I’ve been working off of the new stack of lumber for a couple of months now. It’s good lumber and I’m happy with the quality of the walnut, but it is definitely different than the last batch of walnut. Not better. Not worse. Just different.
I’ve recently started the 20th lamp of the year (technically it is the 21st since USPS lost one and I had to rebuild it). For those that are interested, this is the 14th out of walnut and the 5th that is of the 3 bulb variety (3 of those 5 have been in walnut). I love the look of walnut and it is my wood of choice, but I’m still surprised that I don’t sell more cherry and maple lamps at the Etsy storefront. I love them all, but sitting on my walnut table I have always found the contrasting maple to be the most striking look.
To “celebrate” the 20th lamp of the year, I’ve gone back to my old format of highlighting the build process of the lamp. To build a 3 bulb lamp I need to shoot for a piece that is 4/4 (this is woodworker talk for a board that is an inch thick; spoken “four quarter”) and at least 4 1/4 inches wide by about 47 inches long. In my last post I wrote about starting the build of leg blanks for a new custom piece. In selecting wood for that piece, I ended up with one extra board (shown in the first picture below). I didn’t end up using that board in that piece, because it had a pretty nasty little bow to it. If you look closely, you’ll see that it isn’t flat on the surface of my table saw.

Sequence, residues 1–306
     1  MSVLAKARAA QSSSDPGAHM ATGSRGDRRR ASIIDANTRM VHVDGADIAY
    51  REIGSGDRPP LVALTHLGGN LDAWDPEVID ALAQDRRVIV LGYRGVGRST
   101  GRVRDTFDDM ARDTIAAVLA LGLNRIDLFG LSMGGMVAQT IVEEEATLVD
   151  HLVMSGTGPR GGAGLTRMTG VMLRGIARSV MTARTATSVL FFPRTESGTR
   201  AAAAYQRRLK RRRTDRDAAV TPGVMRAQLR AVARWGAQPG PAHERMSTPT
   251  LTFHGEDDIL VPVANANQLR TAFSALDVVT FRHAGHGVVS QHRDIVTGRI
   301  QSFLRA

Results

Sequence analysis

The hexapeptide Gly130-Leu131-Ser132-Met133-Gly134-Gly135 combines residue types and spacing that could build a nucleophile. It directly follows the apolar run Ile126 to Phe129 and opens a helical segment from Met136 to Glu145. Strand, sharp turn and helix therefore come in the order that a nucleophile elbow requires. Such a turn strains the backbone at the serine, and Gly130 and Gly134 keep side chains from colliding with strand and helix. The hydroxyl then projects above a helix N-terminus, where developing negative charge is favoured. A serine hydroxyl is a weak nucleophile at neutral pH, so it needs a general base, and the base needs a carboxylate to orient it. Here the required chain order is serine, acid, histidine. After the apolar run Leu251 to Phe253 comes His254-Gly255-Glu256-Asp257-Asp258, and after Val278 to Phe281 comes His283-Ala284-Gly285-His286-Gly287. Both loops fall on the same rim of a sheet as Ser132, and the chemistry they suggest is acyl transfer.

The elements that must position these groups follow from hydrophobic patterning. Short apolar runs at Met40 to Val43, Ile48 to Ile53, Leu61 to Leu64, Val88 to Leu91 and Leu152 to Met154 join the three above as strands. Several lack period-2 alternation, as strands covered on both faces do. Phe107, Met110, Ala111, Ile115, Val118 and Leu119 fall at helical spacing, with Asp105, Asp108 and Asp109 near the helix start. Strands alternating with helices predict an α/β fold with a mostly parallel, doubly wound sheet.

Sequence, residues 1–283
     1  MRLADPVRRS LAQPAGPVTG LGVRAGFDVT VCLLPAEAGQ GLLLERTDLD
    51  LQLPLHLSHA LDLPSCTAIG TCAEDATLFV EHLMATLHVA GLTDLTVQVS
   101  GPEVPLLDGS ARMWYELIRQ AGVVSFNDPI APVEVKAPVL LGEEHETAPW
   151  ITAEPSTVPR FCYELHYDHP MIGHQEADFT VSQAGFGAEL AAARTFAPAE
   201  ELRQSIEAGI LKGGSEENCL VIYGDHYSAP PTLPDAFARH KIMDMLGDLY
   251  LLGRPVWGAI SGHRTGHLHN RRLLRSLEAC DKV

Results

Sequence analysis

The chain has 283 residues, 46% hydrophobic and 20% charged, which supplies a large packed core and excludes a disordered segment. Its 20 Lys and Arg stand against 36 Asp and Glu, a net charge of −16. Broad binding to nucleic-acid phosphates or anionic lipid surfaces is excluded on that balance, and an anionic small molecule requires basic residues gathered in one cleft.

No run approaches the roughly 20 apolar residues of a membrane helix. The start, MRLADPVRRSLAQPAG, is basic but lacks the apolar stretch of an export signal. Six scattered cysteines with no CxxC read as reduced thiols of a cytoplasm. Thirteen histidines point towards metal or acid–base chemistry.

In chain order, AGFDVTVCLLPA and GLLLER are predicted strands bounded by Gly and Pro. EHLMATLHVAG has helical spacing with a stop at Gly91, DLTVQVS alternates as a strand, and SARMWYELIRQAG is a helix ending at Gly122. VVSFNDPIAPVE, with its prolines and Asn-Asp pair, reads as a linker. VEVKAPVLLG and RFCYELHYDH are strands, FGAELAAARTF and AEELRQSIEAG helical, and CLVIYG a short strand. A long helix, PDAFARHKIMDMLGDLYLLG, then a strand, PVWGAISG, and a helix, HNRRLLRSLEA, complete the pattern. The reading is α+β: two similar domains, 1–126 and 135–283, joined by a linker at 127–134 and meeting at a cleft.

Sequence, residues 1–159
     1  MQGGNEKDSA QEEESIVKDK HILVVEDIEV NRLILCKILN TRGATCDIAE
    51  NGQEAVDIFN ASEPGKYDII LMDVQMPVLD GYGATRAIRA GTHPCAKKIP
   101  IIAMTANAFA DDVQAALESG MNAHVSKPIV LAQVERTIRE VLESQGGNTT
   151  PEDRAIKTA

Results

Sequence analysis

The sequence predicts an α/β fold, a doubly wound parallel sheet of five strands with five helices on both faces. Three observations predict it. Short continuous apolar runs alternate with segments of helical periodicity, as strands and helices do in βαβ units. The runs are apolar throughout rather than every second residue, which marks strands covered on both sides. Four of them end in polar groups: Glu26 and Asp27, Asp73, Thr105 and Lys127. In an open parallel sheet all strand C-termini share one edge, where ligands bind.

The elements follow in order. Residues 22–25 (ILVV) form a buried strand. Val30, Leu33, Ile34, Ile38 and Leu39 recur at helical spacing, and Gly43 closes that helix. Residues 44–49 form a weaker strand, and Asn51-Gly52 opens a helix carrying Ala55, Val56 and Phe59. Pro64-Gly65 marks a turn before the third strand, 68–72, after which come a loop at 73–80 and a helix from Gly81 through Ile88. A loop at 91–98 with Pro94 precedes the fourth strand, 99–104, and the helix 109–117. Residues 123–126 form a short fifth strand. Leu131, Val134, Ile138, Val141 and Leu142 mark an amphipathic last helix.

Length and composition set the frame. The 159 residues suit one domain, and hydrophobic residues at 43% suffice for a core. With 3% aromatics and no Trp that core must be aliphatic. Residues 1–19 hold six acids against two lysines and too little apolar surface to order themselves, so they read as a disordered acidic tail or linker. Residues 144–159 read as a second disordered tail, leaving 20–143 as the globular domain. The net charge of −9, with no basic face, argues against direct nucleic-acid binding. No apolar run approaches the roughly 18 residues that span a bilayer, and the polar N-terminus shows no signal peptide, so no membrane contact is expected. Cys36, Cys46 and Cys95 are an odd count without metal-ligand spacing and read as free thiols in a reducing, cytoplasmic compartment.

Fortunately correcting that type of issue is pretty easy for this style build. I’m not going to go into every detail of how I correct the issue because there are numerous posts on this site that talk about the build process for an Edison lamp. Basically it involves cutting the board at a strategic location and then working the jointer, band saw and planer until I get the four boards shown in the second picture. One of the 4 boards there becomes scrap (or turned into coasters), but the rest are destined for dimensioning, time in the dovetail jig and then a pass through the router table. This results in the 5 boards shown in the final picture. From here it is a pretty straightforward build process. The next post related to this build will be for the final “glamour” shots.
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